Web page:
So when Cain Marko, who has double-crossed our anti-heroes, winds up dead in Genosha Bay, crushed as if by an unstoppable force, the Angel immediately suspects the Machiavellian Professor X. 

But is that just what X wants him to think...?

NRAMA::  Dennis, what sort of research have you done to give authenticity to the visual of X-MEN NOIR?

Dennis Calero:  Both Fred and I delved into films of the period, such as the Third Man, and films set in the period, such as Chinatown, and hundreds of photographs and documentaries, all trying to get a sense of what it was like...what if be walking around New York in the 30s and 40s.  

New York is a city whose character is constantly evolving, year to year.  Someone who lived here ten years ago would find the city new and fresh in some aspects.  That's part of what's fascinating about the city.

NRAMA::  What sort of collaborative exchanges do the two of you have in regards to each others' processes?

VanLente::  E-mails, Twittering, phone calls, drunken bar trips, Facebook comments; we've been bouncing this project back and forth between each other using every known means of communication, and we're pretty excited. 

Calero:  We talk all the time, as friends as well as collaborators.  We both love the same stuff, so it's great to bounce ideas off each other, because we're coming from the same place.

NRAMA::  Who is your favorite character in the cast of X Men Noir and why?

Calero:  I'm having fun with our Nightcrawler, who, in his own way, I think will be as interesting and complex as the original.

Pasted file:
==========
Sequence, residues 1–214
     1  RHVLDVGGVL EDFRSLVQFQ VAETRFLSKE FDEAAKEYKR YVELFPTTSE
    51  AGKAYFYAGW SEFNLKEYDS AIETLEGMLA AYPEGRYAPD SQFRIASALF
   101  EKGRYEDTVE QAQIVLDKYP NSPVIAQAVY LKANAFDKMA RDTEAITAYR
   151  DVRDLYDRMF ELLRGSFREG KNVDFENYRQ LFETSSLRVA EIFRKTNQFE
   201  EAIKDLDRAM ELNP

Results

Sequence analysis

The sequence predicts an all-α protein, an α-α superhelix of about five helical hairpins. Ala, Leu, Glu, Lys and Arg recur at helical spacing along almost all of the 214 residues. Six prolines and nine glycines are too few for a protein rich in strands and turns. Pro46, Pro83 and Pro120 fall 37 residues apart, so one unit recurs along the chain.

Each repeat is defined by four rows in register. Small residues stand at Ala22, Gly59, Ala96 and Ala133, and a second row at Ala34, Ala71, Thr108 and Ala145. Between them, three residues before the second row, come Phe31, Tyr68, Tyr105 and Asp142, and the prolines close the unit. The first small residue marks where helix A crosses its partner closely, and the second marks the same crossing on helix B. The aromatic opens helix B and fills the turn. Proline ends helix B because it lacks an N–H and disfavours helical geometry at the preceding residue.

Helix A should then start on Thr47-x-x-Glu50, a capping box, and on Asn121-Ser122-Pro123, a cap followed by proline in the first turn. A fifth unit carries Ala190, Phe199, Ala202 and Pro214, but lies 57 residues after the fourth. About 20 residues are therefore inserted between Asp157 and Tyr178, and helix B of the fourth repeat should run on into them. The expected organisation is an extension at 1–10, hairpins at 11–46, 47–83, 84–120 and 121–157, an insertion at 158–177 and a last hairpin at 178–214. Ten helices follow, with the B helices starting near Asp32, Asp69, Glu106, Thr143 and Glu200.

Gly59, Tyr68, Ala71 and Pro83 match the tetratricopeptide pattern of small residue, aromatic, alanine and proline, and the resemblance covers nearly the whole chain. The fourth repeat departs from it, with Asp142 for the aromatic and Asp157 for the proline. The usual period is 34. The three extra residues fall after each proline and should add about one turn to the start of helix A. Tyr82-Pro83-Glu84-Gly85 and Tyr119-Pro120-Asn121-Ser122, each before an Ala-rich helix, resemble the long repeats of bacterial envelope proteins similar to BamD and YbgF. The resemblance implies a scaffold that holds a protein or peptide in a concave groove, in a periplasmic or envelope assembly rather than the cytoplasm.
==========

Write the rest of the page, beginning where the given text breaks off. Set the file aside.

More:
VanLente::  I like our hero, the Angel.  I just think it's cool he grew up in prison and learned all his skills from hardened criminals that he now uses in service of the good.

NRAMA::  What sorts of outside sources would you recommend to the fans of X Men Noir if they wanted to try some noir fiction or films?

VanLente::  I just came back from seeing "In a Lonely Place" starring Humphrey Bogart at Film Forum here in New York.  Bogie plays a screenwriter accused of murder and it's an amazing flick.

Calero:  You can't go wrong with Welles, but to take it in an unexpected direction, fans might want to try a little film from the 90s called Red Rock West, starring Nicolas Cage.  It feels very much like the Westlake and Cain noir novels and films, but in a modern setting.

NRAMA::  These noir books have really developed a fanfare for experiments mixing superheroes and genre writing; would the two of you want to explore other genres in this manner or do you want to stick to writing noir stories with characters from the Marvel Universe?

Calero:  Fred and I have ideas, some of which also combine noir fiction with other genres to create interesting blends that, to us, are both new and exciting.  We hope to bring them to life in the future.

VanLente::  I would really love to combine the Avengers and bass fishing.  Seriously.  I think there's a market for it. 

NRAMA::  Is this a dream project for the two of you?  What sort of project could Van Lente and Callero see themselves working on together in the future?

Calero:  This was my dream book.  But there's a humor book involving a Marvel character that Fred and I hold out hope for, something that we came up with the first time we met.  I hope I'll be working with Fred for a long time to come.

VanLente::  Dennis and I have such a blast working together we've started kicking around a few creator-owned projects; hopefully those will bear fruit sooner rather than later.